When you know the decision process, you are much less likely to lose a sale due to stagnation. You know exactly what needs to take place on the company’s side to close the sale, so you can work to meet those conditions. If, for example, you know that the economic buyer has okayed the decision but has not completed the follow-up process paperwork, you can specifically push to get that paperwork taken care of, thereby closing the sale.
A customer must have a need before they pursue a solution, and it’s vital to know what that need is or what is causing them pain. This pain can manifest in many ways, including high costs, slow production, and low revenue. Identify the pain the customer is experiencing, and then identify how your solution can relieve that pain. What will happen if they don’t decide on a solution or if they make a bad decision? And how will your solution fix it?
Get as specific as possible about the customer’s pain. For example, knowing the customer loses money because of slow production is important, but it’s too vague or abstract to be useful. On the other hand, if you know they lose $300,000 each month because their production process is only half as fast as it needs to be, you can pitch your solution in a specific and compelling way.
Find a champion—someone on the inside who is invested in your success and pushes for you. The champion will likely be the individual most affected by the company’s pain or the person who stands to benefit the most from your solution. Because they want your solution, they want you to be successful and will use their influence to sell the solution from the inside.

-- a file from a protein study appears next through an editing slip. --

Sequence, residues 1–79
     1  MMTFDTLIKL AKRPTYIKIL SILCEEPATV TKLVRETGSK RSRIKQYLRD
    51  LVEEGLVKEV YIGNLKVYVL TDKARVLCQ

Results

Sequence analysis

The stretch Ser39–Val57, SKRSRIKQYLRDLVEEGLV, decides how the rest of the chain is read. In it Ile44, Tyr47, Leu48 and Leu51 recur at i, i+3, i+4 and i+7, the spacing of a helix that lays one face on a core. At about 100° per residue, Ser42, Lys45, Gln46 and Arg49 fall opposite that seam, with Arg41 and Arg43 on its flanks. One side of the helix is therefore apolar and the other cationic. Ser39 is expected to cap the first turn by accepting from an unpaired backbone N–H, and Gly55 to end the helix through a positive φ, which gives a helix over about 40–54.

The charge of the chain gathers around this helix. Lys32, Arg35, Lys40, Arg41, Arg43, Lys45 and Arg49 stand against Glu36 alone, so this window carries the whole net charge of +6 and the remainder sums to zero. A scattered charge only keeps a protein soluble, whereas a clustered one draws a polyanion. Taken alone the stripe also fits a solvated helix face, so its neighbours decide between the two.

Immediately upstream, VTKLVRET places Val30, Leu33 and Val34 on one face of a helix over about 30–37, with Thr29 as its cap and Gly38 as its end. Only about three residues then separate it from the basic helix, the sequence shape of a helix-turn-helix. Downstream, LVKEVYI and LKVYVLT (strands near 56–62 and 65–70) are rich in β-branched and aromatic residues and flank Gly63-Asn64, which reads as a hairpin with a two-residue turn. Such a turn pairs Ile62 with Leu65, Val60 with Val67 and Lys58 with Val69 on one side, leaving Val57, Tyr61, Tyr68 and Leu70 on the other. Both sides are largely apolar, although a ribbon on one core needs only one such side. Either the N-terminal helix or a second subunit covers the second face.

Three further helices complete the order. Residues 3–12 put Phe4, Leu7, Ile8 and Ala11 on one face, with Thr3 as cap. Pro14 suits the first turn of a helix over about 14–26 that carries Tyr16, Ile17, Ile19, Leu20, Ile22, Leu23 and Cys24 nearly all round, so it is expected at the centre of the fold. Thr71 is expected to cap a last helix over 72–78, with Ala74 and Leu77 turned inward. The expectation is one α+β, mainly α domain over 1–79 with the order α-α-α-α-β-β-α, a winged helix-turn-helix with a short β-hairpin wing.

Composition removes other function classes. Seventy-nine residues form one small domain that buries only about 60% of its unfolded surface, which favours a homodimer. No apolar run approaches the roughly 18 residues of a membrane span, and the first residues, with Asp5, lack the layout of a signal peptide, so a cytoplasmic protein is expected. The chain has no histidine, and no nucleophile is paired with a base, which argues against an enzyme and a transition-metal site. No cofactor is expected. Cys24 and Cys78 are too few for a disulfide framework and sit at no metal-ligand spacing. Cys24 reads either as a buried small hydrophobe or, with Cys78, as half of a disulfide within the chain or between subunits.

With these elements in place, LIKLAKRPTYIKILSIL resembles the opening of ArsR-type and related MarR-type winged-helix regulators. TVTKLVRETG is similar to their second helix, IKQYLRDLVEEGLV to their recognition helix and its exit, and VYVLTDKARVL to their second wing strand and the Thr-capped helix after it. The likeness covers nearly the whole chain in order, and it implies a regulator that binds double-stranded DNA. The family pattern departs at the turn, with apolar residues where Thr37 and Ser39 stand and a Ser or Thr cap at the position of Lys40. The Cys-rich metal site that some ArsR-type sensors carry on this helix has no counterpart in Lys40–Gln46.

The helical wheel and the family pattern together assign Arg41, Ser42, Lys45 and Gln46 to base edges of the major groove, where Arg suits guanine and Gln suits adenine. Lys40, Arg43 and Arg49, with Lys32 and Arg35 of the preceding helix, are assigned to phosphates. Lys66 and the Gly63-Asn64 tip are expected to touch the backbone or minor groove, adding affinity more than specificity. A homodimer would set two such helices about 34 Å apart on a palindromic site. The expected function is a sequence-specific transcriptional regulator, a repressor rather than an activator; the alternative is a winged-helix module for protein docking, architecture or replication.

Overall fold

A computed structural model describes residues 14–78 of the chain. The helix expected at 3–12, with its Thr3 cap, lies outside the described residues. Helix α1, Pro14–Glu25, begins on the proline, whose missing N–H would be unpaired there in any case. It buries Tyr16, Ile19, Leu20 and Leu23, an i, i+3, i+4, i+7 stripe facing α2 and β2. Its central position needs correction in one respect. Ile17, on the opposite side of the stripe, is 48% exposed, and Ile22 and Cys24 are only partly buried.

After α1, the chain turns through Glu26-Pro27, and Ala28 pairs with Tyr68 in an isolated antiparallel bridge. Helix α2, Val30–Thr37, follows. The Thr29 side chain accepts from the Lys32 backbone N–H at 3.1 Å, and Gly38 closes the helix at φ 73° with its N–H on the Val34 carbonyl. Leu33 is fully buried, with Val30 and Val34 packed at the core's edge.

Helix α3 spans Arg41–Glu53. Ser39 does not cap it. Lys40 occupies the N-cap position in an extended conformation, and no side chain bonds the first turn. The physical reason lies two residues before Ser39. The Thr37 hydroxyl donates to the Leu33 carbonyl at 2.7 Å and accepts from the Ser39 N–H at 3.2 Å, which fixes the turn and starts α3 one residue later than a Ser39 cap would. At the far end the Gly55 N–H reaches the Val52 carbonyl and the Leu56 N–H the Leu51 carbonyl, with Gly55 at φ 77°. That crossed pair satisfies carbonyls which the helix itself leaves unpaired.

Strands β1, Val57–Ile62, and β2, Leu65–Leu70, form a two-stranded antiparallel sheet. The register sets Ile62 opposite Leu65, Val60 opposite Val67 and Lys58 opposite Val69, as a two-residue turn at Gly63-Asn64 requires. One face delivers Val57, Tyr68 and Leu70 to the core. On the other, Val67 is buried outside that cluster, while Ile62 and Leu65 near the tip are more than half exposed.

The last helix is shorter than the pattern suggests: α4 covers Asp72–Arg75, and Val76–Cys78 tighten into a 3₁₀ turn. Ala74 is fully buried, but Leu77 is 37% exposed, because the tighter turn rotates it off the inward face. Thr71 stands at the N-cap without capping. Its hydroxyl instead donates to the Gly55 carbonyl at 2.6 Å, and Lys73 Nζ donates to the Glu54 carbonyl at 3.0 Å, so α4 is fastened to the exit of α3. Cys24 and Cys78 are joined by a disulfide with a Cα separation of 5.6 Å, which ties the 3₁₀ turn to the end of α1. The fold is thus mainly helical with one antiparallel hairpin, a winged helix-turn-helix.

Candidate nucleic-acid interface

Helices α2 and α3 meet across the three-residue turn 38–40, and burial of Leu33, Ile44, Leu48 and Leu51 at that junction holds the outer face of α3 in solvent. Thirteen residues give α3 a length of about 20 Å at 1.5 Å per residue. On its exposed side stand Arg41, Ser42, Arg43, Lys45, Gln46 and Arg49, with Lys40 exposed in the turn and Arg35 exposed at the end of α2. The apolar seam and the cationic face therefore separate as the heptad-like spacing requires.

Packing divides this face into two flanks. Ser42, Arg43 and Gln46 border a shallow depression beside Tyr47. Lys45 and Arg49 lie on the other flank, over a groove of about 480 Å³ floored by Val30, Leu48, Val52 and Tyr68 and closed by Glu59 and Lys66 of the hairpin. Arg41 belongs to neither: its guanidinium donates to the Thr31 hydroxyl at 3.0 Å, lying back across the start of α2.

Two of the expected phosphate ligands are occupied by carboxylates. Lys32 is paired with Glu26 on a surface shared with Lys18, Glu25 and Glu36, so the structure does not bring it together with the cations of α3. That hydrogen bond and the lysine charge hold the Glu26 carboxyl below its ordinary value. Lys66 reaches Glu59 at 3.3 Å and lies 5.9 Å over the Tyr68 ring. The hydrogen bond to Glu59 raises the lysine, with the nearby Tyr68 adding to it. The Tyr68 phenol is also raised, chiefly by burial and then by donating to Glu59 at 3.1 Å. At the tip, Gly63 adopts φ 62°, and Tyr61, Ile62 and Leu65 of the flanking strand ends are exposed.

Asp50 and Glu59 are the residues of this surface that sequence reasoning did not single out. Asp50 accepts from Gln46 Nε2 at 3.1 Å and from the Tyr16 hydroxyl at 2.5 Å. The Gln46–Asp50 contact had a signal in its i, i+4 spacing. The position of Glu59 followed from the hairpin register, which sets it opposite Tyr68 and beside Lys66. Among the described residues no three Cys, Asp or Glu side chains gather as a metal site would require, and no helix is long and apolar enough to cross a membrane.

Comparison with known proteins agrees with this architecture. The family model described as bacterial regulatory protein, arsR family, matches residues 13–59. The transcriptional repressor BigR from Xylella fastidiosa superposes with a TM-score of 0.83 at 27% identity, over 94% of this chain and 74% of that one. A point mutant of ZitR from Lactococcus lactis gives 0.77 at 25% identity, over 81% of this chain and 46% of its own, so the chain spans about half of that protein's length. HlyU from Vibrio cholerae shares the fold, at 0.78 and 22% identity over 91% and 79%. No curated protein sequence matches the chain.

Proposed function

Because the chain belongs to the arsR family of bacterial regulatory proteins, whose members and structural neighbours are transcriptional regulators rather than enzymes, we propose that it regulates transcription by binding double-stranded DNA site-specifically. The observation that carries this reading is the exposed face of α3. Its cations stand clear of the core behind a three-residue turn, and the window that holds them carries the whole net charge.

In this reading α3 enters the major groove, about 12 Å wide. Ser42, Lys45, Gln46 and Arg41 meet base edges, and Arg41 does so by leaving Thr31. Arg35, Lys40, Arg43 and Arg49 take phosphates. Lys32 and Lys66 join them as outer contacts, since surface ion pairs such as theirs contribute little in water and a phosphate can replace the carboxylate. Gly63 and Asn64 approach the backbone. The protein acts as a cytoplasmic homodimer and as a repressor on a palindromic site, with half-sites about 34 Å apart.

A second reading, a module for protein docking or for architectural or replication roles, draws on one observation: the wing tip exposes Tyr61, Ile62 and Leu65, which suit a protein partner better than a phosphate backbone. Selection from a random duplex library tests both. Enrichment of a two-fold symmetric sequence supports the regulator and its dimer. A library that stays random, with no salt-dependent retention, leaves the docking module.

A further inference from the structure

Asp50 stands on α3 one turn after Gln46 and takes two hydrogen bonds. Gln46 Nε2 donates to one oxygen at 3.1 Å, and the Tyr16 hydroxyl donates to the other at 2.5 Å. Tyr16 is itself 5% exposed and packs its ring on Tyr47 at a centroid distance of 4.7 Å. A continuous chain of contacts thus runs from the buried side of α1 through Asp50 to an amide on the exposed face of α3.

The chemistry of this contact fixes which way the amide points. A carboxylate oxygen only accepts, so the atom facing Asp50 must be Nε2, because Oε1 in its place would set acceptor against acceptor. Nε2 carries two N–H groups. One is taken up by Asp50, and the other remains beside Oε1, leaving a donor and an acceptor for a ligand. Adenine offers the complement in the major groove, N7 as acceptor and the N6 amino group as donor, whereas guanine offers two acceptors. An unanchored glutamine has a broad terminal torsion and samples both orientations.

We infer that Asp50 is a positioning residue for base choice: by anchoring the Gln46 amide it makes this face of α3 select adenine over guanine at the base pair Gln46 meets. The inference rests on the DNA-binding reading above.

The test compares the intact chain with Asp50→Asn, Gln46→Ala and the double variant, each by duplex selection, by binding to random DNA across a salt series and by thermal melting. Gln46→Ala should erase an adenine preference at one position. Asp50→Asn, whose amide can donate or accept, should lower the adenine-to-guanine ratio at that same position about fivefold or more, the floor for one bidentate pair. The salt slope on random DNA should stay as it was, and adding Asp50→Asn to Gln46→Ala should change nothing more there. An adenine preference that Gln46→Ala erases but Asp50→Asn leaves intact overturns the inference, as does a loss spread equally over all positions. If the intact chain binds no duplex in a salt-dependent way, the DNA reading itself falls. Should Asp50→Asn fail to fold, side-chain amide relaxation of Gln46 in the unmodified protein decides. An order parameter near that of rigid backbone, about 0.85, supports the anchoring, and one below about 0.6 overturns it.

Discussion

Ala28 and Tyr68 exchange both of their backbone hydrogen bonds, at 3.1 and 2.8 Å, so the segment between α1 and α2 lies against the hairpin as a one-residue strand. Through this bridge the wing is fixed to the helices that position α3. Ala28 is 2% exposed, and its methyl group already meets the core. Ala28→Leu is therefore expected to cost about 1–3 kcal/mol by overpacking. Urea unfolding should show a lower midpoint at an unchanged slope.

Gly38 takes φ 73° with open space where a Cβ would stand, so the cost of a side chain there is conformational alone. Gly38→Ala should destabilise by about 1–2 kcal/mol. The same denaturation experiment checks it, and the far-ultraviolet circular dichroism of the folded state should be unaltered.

Your champion does not necessarily have to be in a managerial or other supervisory position, but they do need to be well-respected. Having an employee known for being lazy and selfish advocate for you might not be in your best interest. But having an employee with influence and respect in your corner can make a world of difference in helping you close that sale.
Why use the MEDDIC sales methodology?
The MEDDIC sales process serves as a simple checklist for your sale. It ensures you have all the information you need, and the simple acronym makes it easy to remember if there’s anything else you need to learn. Because the MEDDIC sales process relies on attaining knowledge rather than using sales tricks, it’s easy to implement even for individuals who don’t consider themselves particularly “salesy.”
The MEDDIC sales methodology can help businesses of any size or industry better identify and qualify prospects. But it is especially useful for complex B2B sales, which have longer cycles and require more resources (usually with more money on the line). By applying the MEDDIC framework, your sales organization can ensure they invest their time and resources on the leads that are most likely to convert, improving ROI and saving costs. This approach, in turn, will help you more accurately forecast your sales as you won’t be wasting time keeping unwinnable leads in your sales pipeline.
How to begin implementing the MEDDIC sales methodology
As you can see from the steps above, the MEDDIC sales process gives clear direction on how to learn more about your potential customers and convince them of your product or service's value. But how can you encourage your reps to start using this process?
First, visualize the process—not just the basic steps of the MEDDIC framework but how these steps look specifically for your business. This step might involve building a flowchart that shows which collateral to use at every stage or conversation trees that help reps identify champions and pain points.
Second, have your sales reps document discovery calls and other customer interactions by the MEDDIC steps to ensure that they work through the whole MEDDIC process. For example, you can create fields in your CRM for each step or create a template like the strategy map shown below.
When you qualify and truly know your customers, your sales team will be able to spend their time on the deals most likely to succeed and find the value that will push that deal over the finish line.